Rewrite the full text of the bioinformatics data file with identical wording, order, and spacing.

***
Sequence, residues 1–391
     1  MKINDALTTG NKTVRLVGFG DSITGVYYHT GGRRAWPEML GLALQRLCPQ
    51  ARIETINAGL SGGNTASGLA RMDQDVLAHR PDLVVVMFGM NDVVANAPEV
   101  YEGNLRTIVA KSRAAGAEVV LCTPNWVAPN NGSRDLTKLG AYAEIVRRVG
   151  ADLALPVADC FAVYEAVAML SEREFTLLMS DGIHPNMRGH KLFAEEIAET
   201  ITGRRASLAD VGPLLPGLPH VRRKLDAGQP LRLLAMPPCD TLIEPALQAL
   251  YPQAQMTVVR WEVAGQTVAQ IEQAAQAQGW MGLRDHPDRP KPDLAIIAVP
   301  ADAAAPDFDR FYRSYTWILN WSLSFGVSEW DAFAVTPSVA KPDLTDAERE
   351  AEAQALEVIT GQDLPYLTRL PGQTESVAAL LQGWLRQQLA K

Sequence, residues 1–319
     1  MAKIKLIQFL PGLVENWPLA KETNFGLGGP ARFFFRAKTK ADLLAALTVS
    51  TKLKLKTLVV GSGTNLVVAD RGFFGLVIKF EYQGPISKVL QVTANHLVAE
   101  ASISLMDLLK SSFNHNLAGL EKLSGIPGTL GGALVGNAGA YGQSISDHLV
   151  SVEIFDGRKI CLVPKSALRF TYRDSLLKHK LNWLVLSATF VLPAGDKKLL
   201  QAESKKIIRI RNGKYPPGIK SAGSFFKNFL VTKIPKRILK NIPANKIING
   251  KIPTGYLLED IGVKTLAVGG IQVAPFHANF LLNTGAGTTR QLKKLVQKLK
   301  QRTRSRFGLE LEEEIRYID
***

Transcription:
Sequence, residues 1–391
     1  MKINDALTTG NKTVRLVGFG DSITGVYYHT GGRRAWPEML GLALQRLCPQ
    51  ARIETINAGL SGGNTASGLA RMDQDVLAHR PDLVVVMFGM NDVVANAPEV
   101  YEGNLRTIVA KSRAAGAEVV LCTPNWVAPN NGSRDLTKLG AYAEIVRRVG
   151  ADLALPVADC FAVYEAVAML SEREFTLLMS DGIHPNMRGH KLFAEEIAET
   201  ITGRRASLAD VGPLLPGLPH VRRKLDAGQP LRLLAMPPCD TLIEPALQAL
   251  YPQAQMTVVR WEVAGQTVAQ IEQAAQAQGW MGLRDHPDRP KPDLAIIAVP
   301  ADAAAPDFDR FYRSYTWILN WSLSFGVSEW DAFAVTPSVA KPDLTDAERE
   351  AEAQALEVIT GQDLPYLTRL PGQTESVAAL LQGWLRQQLA K

Sequence, residues 1–319
     1  MAKIKLIQFL PGLVENWPLA KETNFGLGGP ARFFFRAKTK ADLLAALTVS
    51  TKLKLKTLVV GSGTNLVVAD RGFFGLVIKF EYQGPISKVL QVTANHLVAE
   101  ASISLMDLLK SSFNHNLAGL EKLSGIPGTL GGALVGNAGA YGQSISDHLV
   151  SVEIFDGRKI CLVPKSALRF TYRDSLLKHK LNWLVLSATF VLPAGDKKLL
   201  QAESKKIIRI RNGKYPPGIK SAGSFFKNFL VTKIPKRILK NIPANKIING
   251  KIPTGYLLED IGVKTLAVGG IQVAPFHANF LLNTGAGTTR QLKKLVQKLK
   301  QRTRSRFGLE LEEEIRYID